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  |  First Published: February 2004

TRADITIONALLY February is hot, windy and generally uncomfortable, but when the conditions are right the area can produce some sensational fishing. It is in these harsh conditions that timing your fishing trips to coincide with the better tides will see you waste less time and produce more fish.

If the area continues to get the wet weather it has in January, fishing the incoming tides with the saltwater pushing into the systems will be your best bet. The action slows when the tide drops and the cooler, dirty water pushes into the estuary.

The shallows are great places to look as the warmer water holds predators that are using the dirty water edge for cover and ambushing their prey. Gold Bombers, surface poppers and buoyant, shallow running lures are the best choice in this situation. All these lures should be worked slowly and erratically to imitate a wounded or disoriented baitfish. The predators such as jacks, bream and flathead do not miss this opportunity.

Rivers like the Elliot, Theodolite and the mouth of the Baffle are good places to practice this technique. Each system has large sandflats near the mouth that are dotted with fish-holding structure. The fish use this structure as a home base, go out and patrol the flats for food and then return to the structure to rest and wait. You can see the fish do this if you quietly poke around the shallows.

Over the past few years I’ve found that the water temperatures in the smaller creeks rise to the point where the fishing is very slow during the day but improves in the evenings and at night. Fishing the deeper holes in the larger rivers usually produces fish that are sitting in the cooler water. Deep jigging Prawnstars and big plastics on located fish is a very good technique for producing big fish.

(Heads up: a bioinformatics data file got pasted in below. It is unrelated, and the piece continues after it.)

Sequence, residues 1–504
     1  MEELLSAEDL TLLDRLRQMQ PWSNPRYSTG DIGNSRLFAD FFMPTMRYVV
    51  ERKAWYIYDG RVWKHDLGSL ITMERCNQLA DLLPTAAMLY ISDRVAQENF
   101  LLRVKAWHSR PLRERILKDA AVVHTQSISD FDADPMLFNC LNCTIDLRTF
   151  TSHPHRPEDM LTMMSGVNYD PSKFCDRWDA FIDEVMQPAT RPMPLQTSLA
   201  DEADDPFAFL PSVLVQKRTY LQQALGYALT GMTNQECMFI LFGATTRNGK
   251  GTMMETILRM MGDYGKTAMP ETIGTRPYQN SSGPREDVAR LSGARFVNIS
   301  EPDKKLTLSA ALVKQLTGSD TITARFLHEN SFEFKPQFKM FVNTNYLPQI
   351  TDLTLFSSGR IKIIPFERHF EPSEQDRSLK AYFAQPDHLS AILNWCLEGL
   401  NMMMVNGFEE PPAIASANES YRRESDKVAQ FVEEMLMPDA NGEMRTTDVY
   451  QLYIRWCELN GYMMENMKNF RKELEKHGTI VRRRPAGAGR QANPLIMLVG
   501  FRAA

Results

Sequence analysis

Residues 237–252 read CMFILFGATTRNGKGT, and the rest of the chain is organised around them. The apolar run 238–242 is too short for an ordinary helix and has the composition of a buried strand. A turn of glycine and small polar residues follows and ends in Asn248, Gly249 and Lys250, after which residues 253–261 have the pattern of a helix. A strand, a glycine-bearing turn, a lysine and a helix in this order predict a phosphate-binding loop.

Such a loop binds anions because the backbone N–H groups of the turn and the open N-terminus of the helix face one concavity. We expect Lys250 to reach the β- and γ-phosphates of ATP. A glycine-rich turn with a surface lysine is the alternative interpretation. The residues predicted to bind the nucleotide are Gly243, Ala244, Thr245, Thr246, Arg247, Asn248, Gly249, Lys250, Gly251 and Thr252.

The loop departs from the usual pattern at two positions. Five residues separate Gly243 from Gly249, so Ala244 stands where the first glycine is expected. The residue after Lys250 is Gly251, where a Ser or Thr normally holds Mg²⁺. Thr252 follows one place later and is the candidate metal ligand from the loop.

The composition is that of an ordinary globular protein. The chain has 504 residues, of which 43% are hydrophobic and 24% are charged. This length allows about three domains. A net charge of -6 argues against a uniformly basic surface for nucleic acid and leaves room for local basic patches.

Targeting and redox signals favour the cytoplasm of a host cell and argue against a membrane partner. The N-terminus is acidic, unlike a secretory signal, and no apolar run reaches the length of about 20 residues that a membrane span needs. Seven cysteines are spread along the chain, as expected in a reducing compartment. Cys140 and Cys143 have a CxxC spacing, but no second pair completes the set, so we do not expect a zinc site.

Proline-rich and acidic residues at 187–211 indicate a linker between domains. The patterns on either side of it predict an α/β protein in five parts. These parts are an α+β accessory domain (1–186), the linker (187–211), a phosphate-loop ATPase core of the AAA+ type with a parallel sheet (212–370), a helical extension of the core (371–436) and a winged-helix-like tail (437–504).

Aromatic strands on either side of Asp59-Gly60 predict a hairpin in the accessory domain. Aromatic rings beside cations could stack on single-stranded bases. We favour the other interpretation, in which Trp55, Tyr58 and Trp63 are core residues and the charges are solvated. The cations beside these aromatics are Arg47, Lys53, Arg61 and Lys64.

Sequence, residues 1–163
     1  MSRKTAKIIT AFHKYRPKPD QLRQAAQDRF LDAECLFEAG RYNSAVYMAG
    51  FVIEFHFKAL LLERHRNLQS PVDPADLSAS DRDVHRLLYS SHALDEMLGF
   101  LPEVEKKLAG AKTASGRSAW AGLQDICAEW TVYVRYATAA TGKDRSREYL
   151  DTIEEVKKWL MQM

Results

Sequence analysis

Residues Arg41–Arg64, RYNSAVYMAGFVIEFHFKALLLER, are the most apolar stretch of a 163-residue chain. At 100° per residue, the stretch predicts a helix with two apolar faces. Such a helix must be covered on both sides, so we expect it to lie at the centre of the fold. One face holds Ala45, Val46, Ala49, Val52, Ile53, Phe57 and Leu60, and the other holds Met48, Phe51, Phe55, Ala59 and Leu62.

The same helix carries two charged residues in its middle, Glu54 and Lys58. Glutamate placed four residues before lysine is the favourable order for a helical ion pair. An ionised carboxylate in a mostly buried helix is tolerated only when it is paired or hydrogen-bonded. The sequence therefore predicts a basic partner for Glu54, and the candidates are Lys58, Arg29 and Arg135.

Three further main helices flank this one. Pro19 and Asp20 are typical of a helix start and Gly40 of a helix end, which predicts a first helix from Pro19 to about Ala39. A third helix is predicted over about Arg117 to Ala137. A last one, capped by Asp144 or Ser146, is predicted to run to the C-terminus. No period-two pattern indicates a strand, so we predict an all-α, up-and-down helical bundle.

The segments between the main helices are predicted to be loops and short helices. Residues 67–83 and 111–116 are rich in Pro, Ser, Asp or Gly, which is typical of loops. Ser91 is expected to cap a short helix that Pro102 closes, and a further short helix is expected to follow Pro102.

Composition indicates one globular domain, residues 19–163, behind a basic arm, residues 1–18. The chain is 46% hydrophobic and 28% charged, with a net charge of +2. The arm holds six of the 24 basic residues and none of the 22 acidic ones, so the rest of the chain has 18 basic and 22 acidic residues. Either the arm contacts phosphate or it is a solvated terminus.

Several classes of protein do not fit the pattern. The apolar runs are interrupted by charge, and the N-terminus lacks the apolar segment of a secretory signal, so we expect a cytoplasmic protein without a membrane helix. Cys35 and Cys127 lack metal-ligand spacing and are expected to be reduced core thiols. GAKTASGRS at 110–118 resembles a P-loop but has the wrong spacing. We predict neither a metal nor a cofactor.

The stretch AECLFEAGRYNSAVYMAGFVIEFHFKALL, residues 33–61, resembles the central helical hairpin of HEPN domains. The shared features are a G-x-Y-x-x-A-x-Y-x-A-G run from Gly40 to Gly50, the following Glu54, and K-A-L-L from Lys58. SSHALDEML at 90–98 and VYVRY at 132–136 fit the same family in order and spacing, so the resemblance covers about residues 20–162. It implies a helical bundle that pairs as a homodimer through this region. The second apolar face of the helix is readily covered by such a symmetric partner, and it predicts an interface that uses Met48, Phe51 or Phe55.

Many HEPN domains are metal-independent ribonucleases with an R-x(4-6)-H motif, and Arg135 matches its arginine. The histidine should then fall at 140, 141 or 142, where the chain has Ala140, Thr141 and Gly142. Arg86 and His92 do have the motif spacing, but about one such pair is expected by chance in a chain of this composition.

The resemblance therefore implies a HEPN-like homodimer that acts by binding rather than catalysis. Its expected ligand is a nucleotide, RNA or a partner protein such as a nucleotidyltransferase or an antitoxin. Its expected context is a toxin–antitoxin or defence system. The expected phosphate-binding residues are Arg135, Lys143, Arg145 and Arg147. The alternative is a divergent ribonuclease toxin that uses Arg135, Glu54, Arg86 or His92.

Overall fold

Bundaberg has seen a rise in fingermark captures for the second year running. It seems that anglers are improving their techniques, which is showcasing what our area has to offer. These fish have been here for years and it’s the growing popularity of lure fishing that has seen these fish showing up more regularly in angler’s bags.


If the weather and wind are favourable, a quick trip offshore should be on the agenda. With the large sea sprat now in the area, pelagics such Spanish mackerel, big queenfish, trevally and the ever-present mack tuna will be moving very close to the coast. Locating feeding schools and casting lures such as lead slugs and small poppers will attract all of these fish, but the bigger Spaniards can be specifically targeted. Get a couple of wolf herring off the Burnett’s north wall, rig them on ganged 12/0s and troll them slowly once you reach the mackerel grounds. Matt Coster from Salty’s Tackle store has been having a bit of success this way. Make sure you’re aware of the new mackerel regulations though and don’t exceed the bag limits.


Monduran Dam has been a bit patchy with some guys nailing four and five fish a day and others not seeing a barra. If you plan to fish the dam, fish the shallow bays. The anglers getting out of their boats and walking the bank do produce fish because they are putting more casts into the one snag. This constant casting, with the noise from the lure, eventually gets the barra curious. Many believe that the more casts you put in, the greater your success will be and this is certainly true in Monduran at the moment. A word of warning though – there are a few snakes about, so if you do choose to fish from the bank just keep a wary eye open.

One local tip when looking for barra in Monduran is to locate flocks of birds. These birds are feeding on bony bream and the barra in Monduran love to eat bony bream. If you combine a flock of birds with a shallow bay and plenty of casts, you may well go away with the catch of a lifetime.


The local bass hole is fishing well at the moment and a recent trip by Kim Bain saw some good fish fall to plastics and lipless crankbaits. Most of the fish were in 5-8 feet of water and were most active during the middle of the day. There’s also some suspended schools of small fish in the middle of the lake, but these fish seem to be feeding on smaller bait and a drop in plastic size is necessary to take these fish. Overall though, the Isis is worth a fish at the moment.

1) The occasional trevally is making an appearance. This one had been hooked before, as is evidenced by the ganged hooks. This didn’t stop it from chasing down this Lead’s Lure.

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